Ben Jones has given us a rousing defense of celebrity chef Paula Deen and of “Southern culture” as well [“I speak of the South and its people,” July 4]. Does he believe Deen, now shunned for racist associations, is emblematic of such a culture? It’s clear he condemns the media (especially the new-fangled, electronic variety), “Corporate America” and “Northern intellectuals.” But what exactly is he defending?
Did he happen to hear Deen deny using the “n-word” on one occasion because the group referred to was “professional?” Nobody but a true-blue racist could have said such a thing. Did he know she admitted in a deposition that she longed for Southern plantation-style events with black waitstaff?
He claims that every Southerner “of a certain age” has used the n-word in some context or other. Well, that grants a lot of leeway. I myself spoke out against the n-word when I was growing up in Georgia. Does that count as using it? Surely not. Jones comes off as offering a fuzzy apologia for those who’ve engaged in this particular racial slur.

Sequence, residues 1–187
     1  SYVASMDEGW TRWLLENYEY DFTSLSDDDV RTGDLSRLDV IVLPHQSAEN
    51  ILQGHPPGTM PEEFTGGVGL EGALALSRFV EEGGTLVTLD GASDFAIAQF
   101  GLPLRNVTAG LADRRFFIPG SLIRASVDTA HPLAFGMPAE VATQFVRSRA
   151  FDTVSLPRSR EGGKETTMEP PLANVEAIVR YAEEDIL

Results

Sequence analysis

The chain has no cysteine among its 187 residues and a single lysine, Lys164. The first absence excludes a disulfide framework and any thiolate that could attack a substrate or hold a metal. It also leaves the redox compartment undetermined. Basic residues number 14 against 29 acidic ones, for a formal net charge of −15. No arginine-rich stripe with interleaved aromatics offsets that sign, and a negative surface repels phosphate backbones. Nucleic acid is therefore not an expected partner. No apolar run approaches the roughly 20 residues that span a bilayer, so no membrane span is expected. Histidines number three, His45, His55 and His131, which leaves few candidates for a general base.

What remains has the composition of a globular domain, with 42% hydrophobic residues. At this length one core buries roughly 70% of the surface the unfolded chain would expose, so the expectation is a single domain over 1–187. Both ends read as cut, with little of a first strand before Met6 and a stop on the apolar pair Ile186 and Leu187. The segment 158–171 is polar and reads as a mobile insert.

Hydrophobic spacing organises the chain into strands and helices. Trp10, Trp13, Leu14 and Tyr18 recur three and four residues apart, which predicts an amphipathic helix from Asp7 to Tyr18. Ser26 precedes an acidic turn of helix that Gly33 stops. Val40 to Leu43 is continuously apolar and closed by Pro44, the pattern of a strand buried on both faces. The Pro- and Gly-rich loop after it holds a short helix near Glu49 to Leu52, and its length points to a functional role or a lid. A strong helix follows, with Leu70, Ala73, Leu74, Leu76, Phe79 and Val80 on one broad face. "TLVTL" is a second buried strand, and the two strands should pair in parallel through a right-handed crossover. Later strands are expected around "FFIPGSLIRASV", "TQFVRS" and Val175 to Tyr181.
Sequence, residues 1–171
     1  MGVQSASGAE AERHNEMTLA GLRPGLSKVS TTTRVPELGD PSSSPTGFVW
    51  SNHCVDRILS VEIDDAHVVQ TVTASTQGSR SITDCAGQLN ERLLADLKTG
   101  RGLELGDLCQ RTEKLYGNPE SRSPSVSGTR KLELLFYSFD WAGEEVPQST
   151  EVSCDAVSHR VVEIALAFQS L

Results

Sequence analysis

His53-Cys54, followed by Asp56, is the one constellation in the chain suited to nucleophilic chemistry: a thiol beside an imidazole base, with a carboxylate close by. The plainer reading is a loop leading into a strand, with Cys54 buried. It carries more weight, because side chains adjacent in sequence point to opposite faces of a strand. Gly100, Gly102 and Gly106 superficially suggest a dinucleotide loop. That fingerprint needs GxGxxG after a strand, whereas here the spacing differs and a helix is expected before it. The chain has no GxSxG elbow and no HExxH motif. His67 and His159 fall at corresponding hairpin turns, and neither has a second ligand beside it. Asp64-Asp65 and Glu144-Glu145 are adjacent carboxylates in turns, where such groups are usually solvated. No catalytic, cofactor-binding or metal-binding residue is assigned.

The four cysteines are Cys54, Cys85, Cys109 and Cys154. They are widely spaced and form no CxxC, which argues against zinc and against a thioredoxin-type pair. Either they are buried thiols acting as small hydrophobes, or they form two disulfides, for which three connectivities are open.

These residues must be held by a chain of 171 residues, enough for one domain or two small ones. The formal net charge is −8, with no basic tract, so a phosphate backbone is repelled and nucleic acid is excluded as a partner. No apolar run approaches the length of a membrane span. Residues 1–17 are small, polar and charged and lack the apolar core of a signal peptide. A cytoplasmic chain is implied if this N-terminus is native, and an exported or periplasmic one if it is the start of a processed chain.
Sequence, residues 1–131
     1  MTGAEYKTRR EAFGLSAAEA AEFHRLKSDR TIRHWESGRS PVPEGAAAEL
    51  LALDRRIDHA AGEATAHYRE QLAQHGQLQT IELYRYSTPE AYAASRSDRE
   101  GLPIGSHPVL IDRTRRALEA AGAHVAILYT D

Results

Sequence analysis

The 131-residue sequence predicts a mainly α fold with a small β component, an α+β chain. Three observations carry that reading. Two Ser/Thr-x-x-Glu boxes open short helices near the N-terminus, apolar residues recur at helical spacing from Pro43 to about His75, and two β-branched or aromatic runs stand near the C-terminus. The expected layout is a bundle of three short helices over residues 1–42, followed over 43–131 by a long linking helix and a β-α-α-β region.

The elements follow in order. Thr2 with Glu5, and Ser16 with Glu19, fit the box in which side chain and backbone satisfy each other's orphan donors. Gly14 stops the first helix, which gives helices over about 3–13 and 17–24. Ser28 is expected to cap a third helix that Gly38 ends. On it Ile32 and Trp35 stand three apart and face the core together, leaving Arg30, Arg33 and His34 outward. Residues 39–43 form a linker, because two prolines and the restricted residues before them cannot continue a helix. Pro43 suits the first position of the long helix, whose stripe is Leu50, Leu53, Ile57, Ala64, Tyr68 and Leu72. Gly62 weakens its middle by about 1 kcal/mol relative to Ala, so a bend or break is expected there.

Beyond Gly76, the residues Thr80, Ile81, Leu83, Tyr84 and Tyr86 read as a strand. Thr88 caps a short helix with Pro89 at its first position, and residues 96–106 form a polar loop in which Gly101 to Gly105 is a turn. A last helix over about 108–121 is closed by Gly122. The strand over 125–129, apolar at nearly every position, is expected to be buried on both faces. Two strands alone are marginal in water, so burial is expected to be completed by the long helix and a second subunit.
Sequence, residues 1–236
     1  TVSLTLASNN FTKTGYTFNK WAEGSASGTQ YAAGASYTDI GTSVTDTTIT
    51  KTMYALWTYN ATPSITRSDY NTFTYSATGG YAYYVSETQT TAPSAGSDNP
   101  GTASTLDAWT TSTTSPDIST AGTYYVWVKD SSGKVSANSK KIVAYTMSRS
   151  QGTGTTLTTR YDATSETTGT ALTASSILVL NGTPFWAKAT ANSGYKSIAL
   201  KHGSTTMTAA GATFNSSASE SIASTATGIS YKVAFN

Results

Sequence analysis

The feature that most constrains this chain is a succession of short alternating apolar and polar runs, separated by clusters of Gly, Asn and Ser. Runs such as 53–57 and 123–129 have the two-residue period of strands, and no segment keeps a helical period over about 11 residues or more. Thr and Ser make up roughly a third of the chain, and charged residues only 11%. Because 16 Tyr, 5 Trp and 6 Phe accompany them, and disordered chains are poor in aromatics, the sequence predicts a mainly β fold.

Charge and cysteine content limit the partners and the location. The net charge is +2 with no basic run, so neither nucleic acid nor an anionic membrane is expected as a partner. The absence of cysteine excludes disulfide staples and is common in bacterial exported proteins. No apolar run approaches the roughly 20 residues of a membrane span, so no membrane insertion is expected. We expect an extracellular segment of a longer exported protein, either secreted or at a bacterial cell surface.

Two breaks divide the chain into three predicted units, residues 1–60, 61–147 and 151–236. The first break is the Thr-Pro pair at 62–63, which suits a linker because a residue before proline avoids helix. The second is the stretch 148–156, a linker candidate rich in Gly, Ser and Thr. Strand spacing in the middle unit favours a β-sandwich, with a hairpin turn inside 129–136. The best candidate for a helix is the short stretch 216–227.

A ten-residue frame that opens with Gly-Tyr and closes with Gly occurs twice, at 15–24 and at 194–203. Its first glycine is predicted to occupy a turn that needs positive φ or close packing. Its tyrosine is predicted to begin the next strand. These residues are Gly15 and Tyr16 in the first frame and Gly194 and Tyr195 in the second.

I was a student at the University of Georgia when Charlayne Hunter, by herself, integrated that racist stronghold. I cheered her on, along with many others. My mother, a southern grande dame if ever there was one, gave up her seat on a bus in Augusta to an old black woman laden with groceries. The bus driver stopped the bus and told her to get off. Why? Because she was breaking the law! (She was.)
We both saw ourselves as acting against Southern culture.
I understand that Ben Jones is not defending racism. But he is splitting altogether too many hairs.